It is important to understand the conditions at the College under which Charles Francis Himes, Emanuel H. Reigart, John Southgate Tucker, and James David Watters first formed the Epsilon chapter at Dickinson College. As fraternities had grown in popularity and spread throughout the nation’s universities, anti-fraternity sentiment began to rise. “It is hardly recognizable today how intense was the opposition to secret fraternities at that time, not only on the part of the college authorities, but on the part of a great majority of the students and…of many parents…”9 The resentment of these secret fraternities by the faculty of Dickinson College was described by Charles Francis Himes in 1904 to be a result of the fact that:
when they did not know exactly what a body of students was doing, especially if they were concealing it under oath-bound formulas, and grips and passwords, coupled with enigmatic, ominous Greek letters, there was certainly something more than suspicious involved.10
Most of the student body denounced fraternities as undemocratic and probably detested their exclusion from them. The campus community as a whole regarded fraternities as evil and Dickinson College devoted much time and energy to digging up these secret organizations and destroying them as quickly as possible. One example of the faculty’s detest for such activities is evidenced in the treatment of the Zeta Psi fraternity, which appeared at Dickinson in 1852. Fraternities at the time were banned and were carefully concealed from college authorities. However, as soon as College President Jesse Truesdell Peck got wind of the organization, he quickly moved against it. His last report as president of the college to the Board of Trustees in 1852 read:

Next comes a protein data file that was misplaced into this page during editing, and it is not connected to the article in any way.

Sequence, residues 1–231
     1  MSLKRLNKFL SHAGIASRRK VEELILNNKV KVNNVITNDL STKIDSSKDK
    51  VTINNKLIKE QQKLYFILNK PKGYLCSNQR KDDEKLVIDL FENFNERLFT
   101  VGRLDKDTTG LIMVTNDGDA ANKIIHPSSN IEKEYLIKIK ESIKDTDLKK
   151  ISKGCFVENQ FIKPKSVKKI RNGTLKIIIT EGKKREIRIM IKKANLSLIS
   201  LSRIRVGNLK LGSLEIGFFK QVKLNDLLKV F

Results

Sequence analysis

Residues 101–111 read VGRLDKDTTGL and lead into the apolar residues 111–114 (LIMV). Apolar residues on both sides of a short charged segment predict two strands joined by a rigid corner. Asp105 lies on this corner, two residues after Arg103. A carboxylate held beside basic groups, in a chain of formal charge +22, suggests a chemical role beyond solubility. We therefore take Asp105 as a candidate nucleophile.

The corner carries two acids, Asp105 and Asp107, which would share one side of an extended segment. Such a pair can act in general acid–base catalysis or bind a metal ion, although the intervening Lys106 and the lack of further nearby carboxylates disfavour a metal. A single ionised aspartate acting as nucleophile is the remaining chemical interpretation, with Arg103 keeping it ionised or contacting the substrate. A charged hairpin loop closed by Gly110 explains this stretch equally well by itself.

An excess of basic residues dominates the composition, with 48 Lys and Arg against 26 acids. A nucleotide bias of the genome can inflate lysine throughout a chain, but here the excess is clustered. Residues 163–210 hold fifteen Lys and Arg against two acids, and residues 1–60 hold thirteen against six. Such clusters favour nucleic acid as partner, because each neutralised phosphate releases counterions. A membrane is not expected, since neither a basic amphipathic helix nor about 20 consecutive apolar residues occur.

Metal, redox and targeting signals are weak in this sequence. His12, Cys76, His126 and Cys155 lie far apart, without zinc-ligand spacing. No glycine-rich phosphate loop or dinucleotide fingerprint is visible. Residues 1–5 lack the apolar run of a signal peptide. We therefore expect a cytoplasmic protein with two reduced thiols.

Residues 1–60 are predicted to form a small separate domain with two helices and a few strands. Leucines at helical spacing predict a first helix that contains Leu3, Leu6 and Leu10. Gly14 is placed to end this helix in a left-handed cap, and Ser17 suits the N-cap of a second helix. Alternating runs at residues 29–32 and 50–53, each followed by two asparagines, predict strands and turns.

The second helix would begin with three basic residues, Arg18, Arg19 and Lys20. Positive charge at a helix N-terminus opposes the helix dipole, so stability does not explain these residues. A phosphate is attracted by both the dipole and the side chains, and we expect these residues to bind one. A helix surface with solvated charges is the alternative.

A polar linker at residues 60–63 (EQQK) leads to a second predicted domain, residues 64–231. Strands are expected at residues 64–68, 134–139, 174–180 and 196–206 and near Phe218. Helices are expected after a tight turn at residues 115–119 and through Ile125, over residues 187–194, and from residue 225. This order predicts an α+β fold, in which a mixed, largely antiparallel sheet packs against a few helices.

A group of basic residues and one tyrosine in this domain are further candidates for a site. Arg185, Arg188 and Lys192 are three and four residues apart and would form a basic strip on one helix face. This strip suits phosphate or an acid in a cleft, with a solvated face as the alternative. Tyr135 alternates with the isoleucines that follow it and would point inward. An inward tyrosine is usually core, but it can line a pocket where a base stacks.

Resolved, that the Faculty request the Board of Trustees so to amend the statutes, as to provide that no society or association of students shall be allowed to exist, whose constitution, rules, and by-laws shall not be approved by the Faculty, and to whose meetings members of the Faculty may not at all times have access.11
The Board of Trustees modified Peck’s resolution into one that had been previously adopted by President Allen of Girard College and passed the following resolution on fraternal organizations and secret societies just before Charles Collins took over the presidency of the College:
Resolved, that no society or association shall be organized or allowed to exist among the students without the approval of the Faculty first obtained; and no such society or association shall hold meetings in any other place than such as the Faculty may designate within the college premises.12
Interestingly enough, this resolution has never been repealed and still exists on the books this very day.
The new president of the college, Charles Collins, discovered the existence of the Zeta Psi fraternity on his campus. Angered by the secret group, he required the members of Zeta Psi to burn all of their chapter documents publicly in front of both faculty and students. Its members were refused admittance to the College the following fall if they did not take an oath stating that they would not try to re-establish a chapter of Zeta Psi at the college, and the brothers were also required to sever all relations with other chapters of the fraternity. In addition to these things, Collins requested a letter from the head of the national chapter stating that he would not try and establish another chapter there, and all twelve members were severely punished.13